The next thing I did was write a letter to my mother, expressing the depth of the pain that her decision to die without being honest with me caused me. This was another level of release. I buried the letter near my house.

Then finally, I was able to ask my guidance the turn-around questions: “How had I betrayed myself? How is their betrayal of me a mirror of my own betrayal of myself?”

The answers came quickly.

“You betrayed yourself by giving yourself up so much. You ignored your own feelings and needs for so long, instead caretaking everyone else. You cannot expect them to have cared more about you than you cared about yourself.”

I knew this was right. I knew I could no longer blame them for betraying me when I had betrayed myself so much.

This was the hardest part for me. It’s easy to feel like a victim when betrayed, and hard to look at our own beliefs and behavior. There was much I had to come to terms with regarding how I had abandoned and betrayed myself in so many ways with my parents, my ex-husband, and my children. I eventually came to see that they were treating me the way I had been treating myself for many years before Inner Bonding.

I’ve learned that there are some important steps you can take to heal from betrayal, which has to do with learning to love yourself and listen to yourself.

Every situation that provokes us or causes us pain holds within it much learning and growth. Loving yourself in the face of betrayal means:

  • Getting the support you need
  • Learning to be very compassionate with yourself each time the pain comes up, especially the pain of heartbreak, loneliness, grief, and helplessness regarding the people who betrayed you.

    You need to find ways of releasing the feelings rather than staying stuck with them. It is vitally important to find healthy ways of releasing the outrage, heartbreak, and helplessness over the person or people who betrayed you. The first step in releasing these very painful feelings is to move into compassion for yourself. Too often, we may blame ourselves for not seeing the signs of betrayal and getting caught unawares, but we must remember that we are human and can’t always know what’s happening.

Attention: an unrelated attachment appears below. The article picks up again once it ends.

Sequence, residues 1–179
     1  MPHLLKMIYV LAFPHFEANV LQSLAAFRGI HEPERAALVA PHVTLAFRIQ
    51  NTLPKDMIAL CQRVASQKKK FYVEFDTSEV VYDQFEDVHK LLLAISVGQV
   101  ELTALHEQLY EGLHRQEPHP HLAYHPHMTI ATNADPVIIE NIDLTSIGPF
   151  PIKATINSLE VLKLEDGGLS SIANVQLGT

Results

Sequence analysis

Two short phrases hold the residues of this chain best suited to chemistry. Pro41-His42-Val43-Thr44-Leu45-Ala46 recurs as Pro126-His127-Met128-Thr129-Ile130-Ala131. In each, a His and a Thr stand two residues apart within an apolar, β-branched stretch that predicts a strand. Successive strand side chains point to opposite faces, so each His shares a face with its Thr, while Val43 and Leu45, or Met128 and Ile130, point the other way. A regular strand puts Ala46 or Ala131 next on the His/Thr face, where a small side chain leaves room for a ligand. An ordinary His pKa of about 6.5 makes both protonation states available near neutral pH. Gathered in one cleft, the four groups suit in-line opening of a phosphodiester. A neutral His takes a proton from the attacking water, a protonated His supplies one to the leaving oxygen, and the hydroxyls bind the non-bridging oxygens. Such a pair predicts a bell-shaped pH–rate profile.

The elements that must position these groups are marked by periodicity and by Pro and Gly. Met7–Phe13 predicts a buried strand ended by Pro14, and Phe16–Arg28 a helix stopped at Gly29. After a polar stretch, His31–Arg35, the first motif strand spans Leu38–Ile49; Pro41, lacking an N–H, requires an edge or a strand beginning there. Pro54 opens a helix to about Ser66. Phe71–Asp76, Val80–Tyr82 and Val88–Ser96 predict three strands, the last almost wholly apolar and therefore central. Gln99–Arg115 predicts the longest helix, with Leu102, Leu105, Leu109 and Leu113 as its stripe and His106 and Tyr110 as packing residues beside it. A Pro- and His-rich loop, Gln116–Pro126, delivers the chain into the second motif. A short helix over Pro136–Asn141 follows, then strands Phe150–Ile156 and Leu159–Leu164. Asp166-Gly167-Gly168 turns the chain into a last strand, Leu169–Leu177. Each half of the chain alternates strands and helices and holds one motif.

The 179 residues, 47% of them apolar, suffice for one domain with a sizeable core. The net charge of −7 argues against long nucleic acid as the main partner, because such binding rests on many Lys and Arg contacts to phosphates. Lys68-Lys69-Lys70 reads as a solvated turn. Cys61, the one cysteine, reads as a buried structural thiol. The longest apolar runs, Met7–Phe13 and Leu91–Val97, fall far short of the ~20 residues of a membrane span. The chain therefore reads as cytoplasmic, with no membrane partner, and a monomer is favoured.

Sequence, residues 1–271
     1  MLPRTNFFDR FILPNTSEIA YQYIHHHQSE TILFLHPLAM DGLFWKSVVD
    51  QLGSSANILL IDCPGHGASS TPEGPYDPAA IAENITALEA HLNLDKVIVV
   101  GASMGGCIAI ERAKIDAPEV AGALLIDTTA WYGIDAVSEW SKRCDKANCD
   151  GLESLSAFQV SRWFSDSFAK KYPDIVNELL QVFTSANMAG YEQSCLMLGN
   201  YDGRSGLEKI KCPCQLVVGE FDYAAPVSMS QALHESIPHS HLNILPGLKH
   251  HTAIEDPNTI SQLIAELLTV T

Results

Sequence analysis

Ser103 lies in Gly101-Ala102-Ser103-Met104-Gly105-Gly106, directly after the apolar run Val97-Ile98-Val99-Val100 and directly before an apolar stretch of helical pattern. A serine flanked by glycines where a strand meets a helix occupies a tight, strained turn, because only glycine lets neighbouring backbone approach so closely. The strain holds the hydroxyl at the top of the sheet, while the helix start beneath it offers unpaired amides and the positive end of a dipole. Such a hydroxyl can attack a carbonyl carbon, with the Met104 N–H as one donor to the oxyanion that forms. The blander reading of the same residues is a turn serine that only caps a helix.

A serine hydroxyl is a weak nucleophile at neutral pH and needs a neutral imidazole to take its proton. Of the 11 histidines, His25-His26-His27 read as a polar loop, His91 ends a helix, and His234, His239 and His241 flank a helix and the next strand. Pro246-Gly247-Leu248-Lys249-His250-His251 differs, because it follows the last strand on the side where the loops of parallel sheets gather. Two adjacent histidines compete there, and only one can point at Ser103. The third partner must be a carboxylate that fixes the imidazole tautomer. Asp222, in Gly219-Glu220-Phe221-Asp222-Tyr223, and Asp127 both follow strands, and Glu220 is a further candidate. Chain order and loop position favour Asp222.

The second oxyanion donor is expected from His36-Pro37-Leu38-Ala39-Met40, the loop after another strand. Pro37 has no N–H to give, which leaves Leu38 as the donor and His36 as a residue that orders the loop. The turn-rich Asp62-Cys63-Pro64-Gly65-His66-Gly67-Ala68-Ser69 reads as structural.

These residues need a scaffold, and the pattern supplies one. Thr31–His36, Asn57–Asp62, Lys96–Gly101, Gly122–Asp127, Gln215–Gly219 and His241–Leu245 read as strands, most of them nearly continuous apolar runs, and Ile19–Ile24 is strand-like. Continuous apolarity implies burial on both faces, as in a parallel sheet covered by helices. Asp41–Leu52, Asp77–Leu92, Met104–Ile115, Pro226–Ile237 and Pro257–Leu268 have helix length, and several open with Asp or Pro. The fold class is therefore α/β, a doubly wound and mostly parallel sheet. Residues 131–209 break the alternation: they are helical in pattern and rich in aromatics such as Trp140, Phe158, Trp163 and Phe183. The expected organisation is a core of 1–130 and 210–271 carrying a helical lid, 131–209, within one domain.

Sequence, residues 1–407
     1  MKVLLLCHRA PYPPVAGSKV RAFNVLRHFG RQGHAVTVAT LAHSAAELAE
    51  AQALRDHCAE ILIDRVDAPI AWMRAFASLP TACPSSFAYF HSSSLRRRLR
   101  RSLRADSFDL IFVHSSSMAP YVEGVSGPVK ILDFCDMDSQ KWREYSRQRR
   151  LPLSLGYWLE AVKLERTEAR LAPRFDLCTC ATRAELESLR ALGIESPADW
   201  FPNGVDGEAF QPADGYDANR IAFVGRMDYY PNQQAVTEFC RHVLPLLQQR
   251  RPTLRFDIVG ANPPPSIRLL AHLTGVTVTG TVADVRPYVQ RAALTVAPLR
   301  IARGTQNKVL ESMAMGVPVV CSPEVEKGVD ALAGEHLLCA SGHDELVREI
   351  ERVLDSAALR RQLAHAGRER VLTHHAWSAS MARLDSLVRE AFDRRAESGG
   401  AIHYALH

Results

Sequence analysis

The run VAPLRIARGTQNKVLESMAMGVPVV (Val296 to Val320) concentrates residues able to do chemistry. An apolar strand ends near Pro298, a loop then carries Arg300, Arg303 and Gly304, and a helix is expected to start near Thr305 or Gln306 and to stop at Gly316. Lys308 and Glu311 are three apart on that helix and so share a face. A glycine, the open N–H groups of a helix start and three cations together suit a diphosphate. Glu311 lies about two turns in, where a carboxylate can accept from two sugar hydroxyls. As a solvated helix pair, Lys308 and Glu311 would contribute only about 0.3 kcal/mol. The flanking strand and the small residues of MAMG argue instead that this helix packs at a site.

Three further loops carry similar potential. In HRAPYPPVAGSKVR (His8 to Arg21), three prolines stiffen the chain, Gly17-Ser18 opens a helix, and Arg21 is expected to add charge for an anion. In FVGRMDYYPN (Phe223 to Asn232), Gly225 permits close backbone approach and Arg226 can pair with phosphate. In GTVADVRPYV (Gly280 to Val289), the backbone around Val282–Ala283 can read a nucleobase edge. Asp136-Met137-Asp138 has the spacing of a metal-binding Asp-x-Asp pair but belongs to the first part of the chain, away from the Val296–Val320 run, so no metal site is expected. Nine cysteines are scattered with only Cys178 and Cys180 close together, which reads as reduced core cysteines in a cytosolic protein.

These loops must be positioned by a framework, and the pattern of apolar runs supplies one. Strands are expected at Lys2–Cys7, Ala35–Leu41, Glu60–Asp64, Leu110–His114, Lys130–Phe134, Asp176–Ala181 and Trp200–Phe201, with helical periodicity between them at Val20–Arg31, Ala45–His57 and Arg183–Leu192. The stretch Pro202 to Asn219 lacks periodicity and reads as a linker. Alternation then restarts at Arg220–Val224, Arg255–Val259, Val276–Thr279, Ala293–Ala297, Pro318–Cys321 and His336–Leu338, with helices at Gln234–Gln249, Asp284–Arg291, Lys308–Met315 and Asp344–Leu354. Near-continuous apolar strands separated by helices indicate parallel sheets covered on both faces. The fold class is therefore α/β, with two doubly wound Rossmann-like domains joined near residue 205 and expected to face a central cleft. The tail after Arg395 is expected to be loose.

It’s unhealthy for us to get stuck with the deep pain of heartbreak and helplessness, or stuck feeling like a victim. Stuck feelings can cause illness, and this is the last thing we need while dealing with betrayal.

The way to release stuck feelings is to be very kind and gentle with ourselves, acknowledging how very hard it is to go through a betrayal. You might want to roll up a towel and beat the outrage out on a bed, saying all you wish you could say to the person or people who betrayed you. This might release tears and when the tears come, allow them to flow, being very tender with yourself. It’s healthy to cry it out and unhealthy to be stoic.

  • Then, open to learning about your part of the system that contributed to you being betrayed – how you might have abandoned and betrayed yourself. Like I said, every challenge in life has lessons for us, and once we move some of the very painful feelings through, we can then learn. The two primary things we want to learn about are:
  • Is there some way I betrayed myself by giving myself up or abandoning myself in other ways?
  • Is there some way I betrayed myself by not listening to my inner voice, my gut feelings? What did I ignore that I needed to attend to?